Monthly Archives: August 2010

Reflections on the Methodist People

We are in the middle of moving after 5 years in my first appointment as a Methodist Minister. In a sense this is our first proper Methodist move, from one manse to another.

We have been very fortunate as I am moving to replace Ian who has just retired (for the 2nd time, after coming back from retirement and doing an extra 5 years). Ian and Irene moved out a couple of weeks ago (leaving an immaculate manse & garden plus superbly detailed handover notes and diary) which has meant the Leicester North Circuit have been able to get a lot of work done on the manse for us.

That has included a new driveway and turning a small built in garage into a utility room & downstairs loo. Today we delivered our folding camper (and a car load of fragile stuff) and so were able to have a look at the finished work.

This is one situation where as a minister you really get to appreciate the character of the Methodist people. The love and care of both the Nene Valley Circuit that we are leaving and the Leicester North Circuit that we are joining is quite amazing. It is not just thoughtfulness but generosity of giving of time, love and also clearly much prayer.

I want to share some examples from both Circuits, as an expression of thanks but also to celebrate the character of the people called Methodist.

First, where we are going. The Leicester North Circuit:

  • Pete, the Circuit Steward who has been responsible for manses has been wonderfully caring even before our first meeting way back in November. He has taken great care to consider our needs and consult us on all the work planned. He has made sure all the work has been done to a high quality and on time. He must have put in many hours over the months and especially over the last few weeks.  The care has included not just travelling to Ikea with another Circuit Steward to buy 6 Billy bookcases for the study but then as a team assembling them and checking we were happy with the positions so that on Monday he can fix them to the walls.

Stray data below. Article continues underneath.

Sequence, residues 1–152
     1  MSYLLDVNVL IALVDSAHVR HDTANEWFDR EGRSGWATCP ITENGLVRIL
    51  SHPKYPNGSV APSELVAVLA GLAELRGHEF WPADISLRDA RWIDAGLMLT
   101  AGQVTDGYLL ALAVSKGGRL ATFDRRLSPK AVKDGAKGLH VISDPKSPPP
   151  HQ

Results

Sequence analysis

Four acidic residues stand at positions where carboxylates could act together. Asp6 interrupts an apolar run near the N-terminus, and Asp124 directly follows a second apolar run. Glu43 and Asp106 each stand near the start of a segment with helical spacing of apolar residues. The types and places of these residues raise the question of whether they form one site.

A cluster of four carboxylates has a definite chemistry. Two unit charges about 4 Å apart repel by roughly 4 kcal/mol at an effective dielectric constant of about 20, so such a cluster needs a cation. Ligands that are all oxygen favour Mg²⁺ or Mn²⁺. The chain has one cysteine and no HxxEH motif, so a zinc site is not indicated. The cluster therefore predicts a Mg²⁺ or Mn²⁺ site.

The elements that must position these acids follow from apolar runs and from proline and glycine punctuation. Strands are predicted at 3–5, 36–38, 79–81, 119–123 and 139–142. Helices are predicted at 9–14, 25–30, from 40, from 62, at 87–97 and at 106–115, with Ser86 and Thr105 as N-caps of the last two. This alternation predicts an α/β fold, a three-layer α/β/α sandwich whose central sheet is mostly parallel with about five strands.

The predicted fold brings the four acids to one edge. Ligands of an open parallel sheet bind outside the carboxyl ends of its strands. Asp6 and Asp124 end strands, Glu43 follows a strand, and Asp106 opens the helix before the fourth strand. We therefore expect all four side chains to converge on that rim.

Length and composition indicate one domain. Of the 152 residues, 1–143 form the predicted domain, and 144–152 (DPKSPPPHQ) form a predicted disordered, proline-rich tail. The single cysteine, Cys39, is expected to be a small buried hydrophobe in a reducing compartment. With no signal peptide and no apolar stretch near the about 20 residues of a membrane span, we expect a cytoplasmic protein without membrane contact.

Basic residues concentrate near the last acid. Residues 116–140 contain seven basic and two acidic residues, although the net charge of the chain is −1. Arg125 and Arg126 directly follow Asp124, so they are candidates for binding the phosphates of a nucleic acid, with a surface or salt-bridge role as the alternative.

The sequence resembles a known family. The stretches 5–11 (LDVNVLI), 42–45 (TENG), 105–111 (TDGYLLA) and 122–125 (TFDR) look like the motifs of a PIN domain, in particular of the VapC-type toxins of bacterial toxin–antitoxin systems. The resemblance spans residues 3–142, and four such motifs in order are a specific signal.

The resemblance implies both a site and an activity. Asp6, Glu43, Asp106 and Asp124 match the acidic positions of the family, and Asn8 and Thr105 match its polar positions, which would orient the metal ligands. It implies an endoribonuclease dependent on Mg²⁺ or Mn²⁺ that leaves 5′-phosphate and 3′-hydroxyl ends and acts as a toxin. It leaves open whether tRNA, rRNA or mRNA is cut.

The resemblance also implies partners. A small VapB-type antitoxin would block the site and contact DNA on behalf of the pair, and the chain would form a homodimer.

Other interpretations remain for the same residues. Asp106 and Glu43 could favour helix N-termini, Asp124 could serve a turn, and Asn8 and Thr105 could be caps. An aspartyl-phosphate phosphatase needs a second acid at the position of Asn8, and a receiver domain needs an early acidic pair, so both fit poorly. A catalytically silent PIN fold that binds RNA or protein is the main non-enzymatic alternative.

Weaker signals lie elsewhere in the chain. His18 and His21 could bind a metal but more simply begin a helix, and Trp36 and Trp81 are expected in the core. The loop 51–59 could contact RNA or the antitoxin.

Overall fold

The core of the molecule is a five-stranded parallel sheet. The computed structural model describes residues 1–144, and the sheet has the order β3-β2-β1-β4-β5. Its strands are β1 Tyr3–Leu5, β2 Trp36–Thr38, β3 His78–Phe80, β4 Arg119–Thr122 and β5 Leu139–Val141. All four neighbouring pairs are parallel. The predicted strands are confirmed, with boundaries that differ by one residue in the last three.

• Today Murray and Eileen, who live just down the road, had invited us for coffee as they knew we were coming over with a pile of stuff. Well it was not just coffee but also fresh cakes, choice of drinks including coke or hot chocolate for our boys and a big plate of special biscuits put in front of our youngest. They have also offered us food in evening the day we move in and storage for our bike trailer on their drive.
  • On moving day another Circuit Steward, Mick, is going to try to clear cars away to allow the removal van space to park and has offered to help with the moving in.
  • While Pete & Eileen have been away at New Wine, Trevor, the Circuit Treasurer, stepped in to make sure everything was finished properly. That included a full cleaning team of people who came in yesterday and have left the place sparkling clean with all the carpets shampooed.
  • In the study there was a vase of fresh flowers. Don't know which kind person thought of them.